Angela Anh Nguyen Tufts Maps of Our Unconscious

agenda, AGENDA, AGENDA!!!!!!
agenda, AGENDA, AGENDA!!!!!! Photo by Aaron Wessling

Agenda Agenda Agenda!!! The piercing, tufted words scream from underneath an outstretched boxing glove, punching a man in the face. Garfield, the cat, sits above eating popcorn, loafing, and staring disinterestedly into a Kamala Harris tweet about student loan forgiveness and a Pell Grant for three years in disadvantaged communities. A black-ops soldier and his scoped assault rifle peeks out from behind it. Michael Bay is there too, as well as the Twin Towers, Hilary Clinton, and a text bubble that reads: “Bye-bye booty: Heroin Chic is back.” A caption responds from beneath the chaos: I went to this great tasting menu restaurant with natural wine while I was working remotely in CDMX during the pandemic. It’s called PUJOL. Have you heard of it?” Somehow, they all feel at home in Los Angeles artist Angela Anh Nguyen’s Agenda, AGENDA, AGENDA!!!!!, a 15 x 7.5 ft rug. 

Nguyen’s textile practice is unavoidably unique. Her pieces are intricately made, conceptually dense, and have appeared at galleries and art fairs across the country, yet they also are functional rugs. In this way they hold a value different from that of a painting, a sculpture, a video, or a print. There is a subtle questioning embedded in their nature: why do we devalue art with a practical function? 

Gig's a gig_
Gig’s a gig. Photo by Thomas Muller

Like most aspects of commerce, textile production underwent a rapid change during the Industrial Revolution. The techno-innovations of the period, such as the picker, the carding machine, and the combing machine, made the textile economy one of the most lucrative industries in the world. They also brought what was once considered a practice of the home into an industrial space and, subsequently, into the realm of mechanisation. Since this period, the textile form and the commodity form have become generally synonymous with one another in the Western imaginary, an association that can be felt palpably in the art context, where the work of textile artists has often, historically, been segregated into the arena of “craft.” This subsequent segregation and its recent semi-unravelling has been discussed at length. I bring it up not to harp on it but to establish a kind of clever and subversive synthesis Nguyen conjures through her work.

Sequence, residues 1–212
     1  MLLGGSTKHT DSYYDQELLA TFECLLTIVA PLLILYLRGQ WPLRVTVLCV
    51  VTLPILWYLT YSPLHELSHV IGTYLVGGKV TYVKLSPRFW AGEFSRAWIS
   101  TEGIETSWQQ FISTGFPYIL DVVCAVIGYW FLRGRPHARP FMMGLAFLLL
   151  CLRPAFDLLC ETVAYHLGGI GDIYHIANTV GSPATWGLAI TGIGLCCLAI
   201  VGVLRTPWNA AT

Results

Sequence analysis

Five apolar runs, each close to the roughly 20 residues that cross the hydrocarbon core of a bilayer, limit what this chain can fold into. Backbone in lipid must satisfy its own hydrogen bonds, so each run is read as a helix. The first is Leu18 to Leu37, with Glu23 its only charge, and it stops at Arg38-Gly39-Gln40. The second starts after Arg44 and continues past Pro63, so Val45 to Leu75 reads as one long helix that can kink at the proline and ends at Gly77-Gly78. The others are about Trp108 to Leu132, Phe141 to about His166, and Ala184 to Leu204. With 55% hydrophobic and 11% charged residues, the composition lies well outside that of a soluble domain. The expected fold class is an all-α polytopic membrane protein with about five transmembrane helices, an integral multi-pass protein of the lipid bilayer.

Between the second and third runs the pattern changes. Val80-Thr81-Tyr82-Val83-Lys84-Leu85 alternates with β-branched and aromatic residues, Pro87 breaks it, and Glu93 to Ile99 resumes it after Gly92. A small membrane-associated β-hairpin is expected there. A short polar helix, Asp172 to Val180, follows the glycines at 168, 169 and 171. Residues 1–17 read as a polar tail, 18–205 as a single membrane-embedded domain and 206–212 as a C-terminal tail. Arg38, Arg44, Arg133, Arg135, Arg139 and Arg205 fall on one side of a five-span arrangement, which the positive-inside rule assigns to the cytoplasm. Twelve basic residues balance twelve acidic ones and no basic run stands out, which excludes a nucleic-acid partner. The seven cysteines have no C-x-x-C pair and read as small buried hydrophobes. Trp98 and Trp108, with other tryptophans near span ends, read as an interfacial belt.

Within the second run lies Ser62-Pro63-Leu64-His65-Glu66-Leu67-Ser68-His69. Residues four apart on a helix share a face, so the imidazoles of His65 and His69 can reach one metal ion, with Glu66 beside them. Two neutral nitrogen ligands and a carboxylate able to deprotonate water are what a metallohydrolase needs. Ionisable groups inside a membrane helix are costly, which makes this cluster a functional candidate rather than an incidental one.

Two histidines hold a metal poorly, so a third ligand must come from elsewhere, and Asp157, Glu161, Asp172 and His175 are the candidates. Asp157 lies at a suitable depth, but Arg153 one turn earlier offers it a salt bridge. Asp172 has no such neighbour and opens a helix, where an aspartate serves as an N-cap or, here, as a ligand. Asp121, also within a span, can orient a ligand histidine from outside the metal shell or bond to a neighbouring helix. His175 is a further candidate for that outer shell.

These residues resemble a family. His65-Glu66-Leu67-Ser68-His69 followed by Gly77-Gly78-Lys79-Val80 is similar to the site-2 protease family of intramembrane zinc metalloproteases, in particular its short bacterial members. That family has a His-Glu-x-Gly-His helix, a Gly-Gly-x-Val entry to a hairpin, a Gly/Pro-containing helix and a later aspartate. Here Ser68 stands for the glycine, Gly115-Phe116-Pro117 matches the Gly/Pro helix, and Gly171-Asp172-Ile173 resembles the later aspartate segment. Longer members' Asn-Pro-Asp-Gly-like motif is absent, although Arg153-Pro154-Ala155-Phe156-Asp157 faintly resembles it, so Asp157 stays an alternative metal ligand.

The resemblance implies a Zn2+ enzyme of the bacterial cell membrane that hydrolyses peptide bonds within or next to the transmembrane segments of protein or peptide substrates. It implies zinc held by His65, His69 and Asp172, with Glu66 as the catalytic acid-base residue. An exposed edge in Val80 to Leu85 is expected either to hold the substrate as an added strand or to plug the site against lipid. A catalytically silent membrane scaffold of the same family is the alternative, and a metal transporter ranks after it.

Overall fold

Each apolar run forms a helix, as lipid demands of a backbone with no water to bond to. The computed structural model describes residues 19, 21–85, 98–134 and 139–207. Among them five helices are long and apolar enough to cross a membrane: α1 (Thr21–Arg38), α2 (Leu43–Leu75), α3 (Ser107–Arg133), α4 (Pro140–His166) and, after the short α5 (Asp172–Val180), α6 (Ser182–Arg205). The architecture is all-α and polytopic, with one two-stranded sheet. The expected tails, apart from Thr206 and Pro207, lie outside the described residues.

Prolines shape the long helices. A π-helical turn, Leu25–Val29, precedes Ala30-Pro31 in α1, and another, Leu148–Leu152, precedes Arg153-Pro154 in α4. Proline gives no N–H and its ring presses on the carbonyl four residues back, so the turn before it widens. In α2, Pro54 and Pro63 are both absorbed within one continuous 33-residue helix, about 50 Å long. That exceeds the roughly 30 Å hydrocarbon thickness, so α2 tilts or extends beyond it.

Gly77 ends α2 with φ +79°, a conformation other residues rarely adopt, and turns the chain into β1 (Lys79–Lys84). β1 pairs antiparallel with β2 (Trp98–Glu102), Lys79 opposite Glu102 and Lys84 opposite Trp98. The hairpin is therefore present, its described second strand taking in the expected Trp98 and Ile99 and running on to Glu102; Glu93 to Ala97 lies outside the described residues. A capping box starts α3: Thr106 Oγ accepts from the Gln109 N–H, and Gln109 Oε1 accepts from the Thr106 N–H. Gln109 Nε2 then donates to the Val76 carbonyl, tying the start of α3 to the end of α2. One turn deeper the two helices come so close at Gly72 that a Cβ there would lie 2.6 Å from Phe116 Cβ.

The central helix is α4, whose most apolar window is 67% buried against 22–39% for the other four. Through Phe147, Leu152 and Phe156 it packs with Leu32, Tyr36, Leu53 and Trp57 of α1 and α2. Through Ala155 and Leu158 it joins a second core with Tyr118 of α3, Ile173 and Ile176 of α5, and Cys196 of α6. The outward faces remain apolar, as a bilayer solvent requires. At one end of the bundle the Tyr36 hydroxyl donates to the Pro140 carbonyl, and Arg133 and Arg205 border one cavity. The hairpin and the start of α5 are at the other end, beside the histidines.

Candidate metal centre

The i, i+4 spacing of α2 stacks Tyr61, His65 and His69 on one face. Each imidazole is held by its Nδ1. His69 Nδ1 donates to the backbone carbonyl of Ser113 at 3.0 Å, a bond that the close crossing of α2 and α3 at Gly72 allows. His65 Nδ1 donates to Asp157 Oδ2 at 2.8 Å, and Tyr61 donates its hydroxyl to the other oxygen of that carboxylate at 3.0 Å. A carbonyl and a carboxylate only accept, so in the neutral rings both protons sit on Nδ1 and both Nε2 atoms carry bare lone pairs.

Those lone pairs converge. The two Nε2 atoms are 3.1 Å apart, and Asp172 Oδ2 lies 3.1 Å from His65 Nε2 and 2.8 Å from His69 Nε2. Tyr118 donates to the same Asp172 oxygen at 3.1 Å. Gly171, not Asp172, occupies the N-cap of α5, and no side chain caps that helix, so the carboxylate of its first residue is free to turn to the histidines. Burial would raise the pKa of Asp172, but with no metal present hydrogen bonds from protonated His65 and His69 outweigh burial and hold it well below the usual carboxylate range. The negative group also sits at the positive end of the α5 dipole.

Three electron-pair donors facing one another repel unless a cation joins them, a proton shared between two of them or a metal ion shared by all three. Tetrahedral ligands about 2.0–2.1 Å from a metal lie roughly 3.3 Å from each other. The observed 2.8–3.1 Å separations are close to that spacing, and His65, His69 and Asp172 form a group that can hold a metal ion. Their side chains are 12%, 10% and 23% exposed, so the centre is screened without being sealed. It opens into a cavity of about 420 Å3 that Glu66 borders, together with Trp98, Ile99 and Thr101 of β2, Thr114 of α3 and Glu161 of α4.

Nguyen’s practice does not run from the history of commerce that surrounds her medium. Her style embraces its historic relationship to the neoliberal mechanisation that has defined it for so long and then turns it on its head. Utilising juxtaposed cultural iconography, Nguyen’s pieces toil with the debris of mass culture using a method that predates it: tufting. In this way, they serve as the imagistic maps to the collective unconscious of a particular social topic/issue, accentuated by the inherent criticism embedded within their medium. “A lot of people who are taking up tufting are re-creating luxury goods, which I find really awesome, mainly because of self-agency and affordability,” Nguyen explained to me over email. “I’ve been seeing a lot of off-white rug re-creations being made that say “rug” or whatever. It’s sick because the act is sort of like a meta using-the-tool-of-production-to-resist-against-the-system-of-production type of thing. At the end of the day, people want agency, in both our political economy that exploits us, and in our lives outside of that (if at all possible), such as recreational pastimes, like creating art.”